statement for whole foods, to make natural and organic foods affordable for everyone. not the whole foods mission statement as we know it, sort of known for its high prices. they talked about integrating ofzon prime into point a sale. they also announced a price cut. opened the door, come on in, on things like vegetables, salmon, organic chicken. a pretty radical turn. they left a bookmark for future things they will do together, probably sell amazon devices in whole foods stores, adding all the whole foods merchandise, particularly the 365 degree white label brands onto amazon and amazon fresh and amazon prime pantry. there are moving pretty quickly. emily: i'm excited about the price cut on avocados. i don't know about you, but how does this impact whole foods' reputation as being a premium, wholesome product? david: on monday, i hope they have a lot of vegetables, salmon, and organic chicken, because those stores are going to be mobbed. even if the price cuts aren't that great, and i'd be curious how big brad thinks they might
be since he is the expert, but this is a big deal. i want to run to the store and buy cheaper, healthier food. on the other hand, there are massive implications about this move by amazon into the real, physical world, that i think we could talk about for days. emily: how big are the price going to be? brad: we don't know. they did not specify. i assume early on they will be fairly dramatic, because a lot of people will be paying attention. we will see over time. whole foods has been in a little bit of a tailspin, losing customers. same-store sales traffic down quarter over quarter. amazon has the appetite to lose money. we'll see. i think this is a big bet for them. but they're also going to create amazon-branded grocery stores. obviously, investing a lot in the distribution channel to the home. it's not the only bet they have on the supermarket category. emily: obviously regulators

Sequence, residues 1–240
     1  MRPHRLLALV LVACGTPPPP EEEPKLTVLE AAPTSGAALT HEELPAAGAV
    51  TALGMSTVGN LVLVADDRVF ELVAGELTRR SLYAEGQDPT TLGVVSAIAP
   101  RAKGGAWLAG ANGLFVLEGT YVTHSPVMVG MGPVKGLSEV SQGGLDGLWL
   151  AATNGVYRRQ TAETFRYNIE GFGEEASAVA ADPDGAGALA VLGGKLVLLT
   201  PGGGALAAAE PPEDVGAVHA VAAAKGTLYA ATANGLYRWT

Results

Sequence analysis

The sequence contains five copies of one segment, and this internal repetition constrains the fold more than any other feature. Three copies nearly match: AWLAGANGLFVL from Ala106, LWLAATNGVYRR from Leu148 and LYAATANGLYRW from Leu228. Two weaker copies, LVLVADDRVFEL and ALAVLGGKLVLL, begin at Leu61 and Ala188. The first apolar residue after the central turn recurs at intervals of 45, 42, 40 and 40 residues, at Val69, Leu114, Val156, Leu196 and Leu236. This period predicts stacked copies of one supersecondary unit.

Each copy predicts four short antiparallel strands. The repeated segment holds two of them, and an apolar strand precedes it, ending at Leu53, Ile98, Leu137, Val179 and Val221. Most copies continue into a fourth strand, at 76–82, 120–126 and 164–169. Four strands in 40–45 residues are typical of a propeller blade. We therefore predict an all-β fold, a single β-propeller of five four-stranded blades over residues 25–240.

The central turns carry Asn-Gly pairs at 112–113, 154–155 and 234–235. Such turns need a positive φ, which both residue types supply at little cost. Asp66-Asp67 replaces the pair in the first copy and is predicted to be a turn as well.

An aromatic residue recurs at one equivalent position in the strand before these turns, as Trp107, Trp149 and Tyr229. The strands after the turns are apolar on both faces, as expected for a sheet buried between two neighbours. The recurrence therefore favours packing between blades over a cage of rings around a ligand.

approve the deal, but do you think regulators might become concerned with the growing dominance of amazon? brad: i was thinking this is the last free pass that amazon gets. there's already a lot of drama, particularly from the trump administration, worries about amazon, some of it politically motivated. at a certain point, all these big tech companies are going to be treated with a lot more skepticism. tomorrow, we are getting a resolution in the jay y. lee case in south korea, which is very political, and all about the discomfort that people have with these very large tech companies that are starting to really control everything. emily: david, i know you've been thinking a lot about this, the growing power of not just amazon, but facebook, google. at what point will the government increasingly or should increasingly step in? david: i think there are increasing rumblings in washington that that point is approaching rapidly. exactly how and why they should jump in is not clear. these companies are absurdly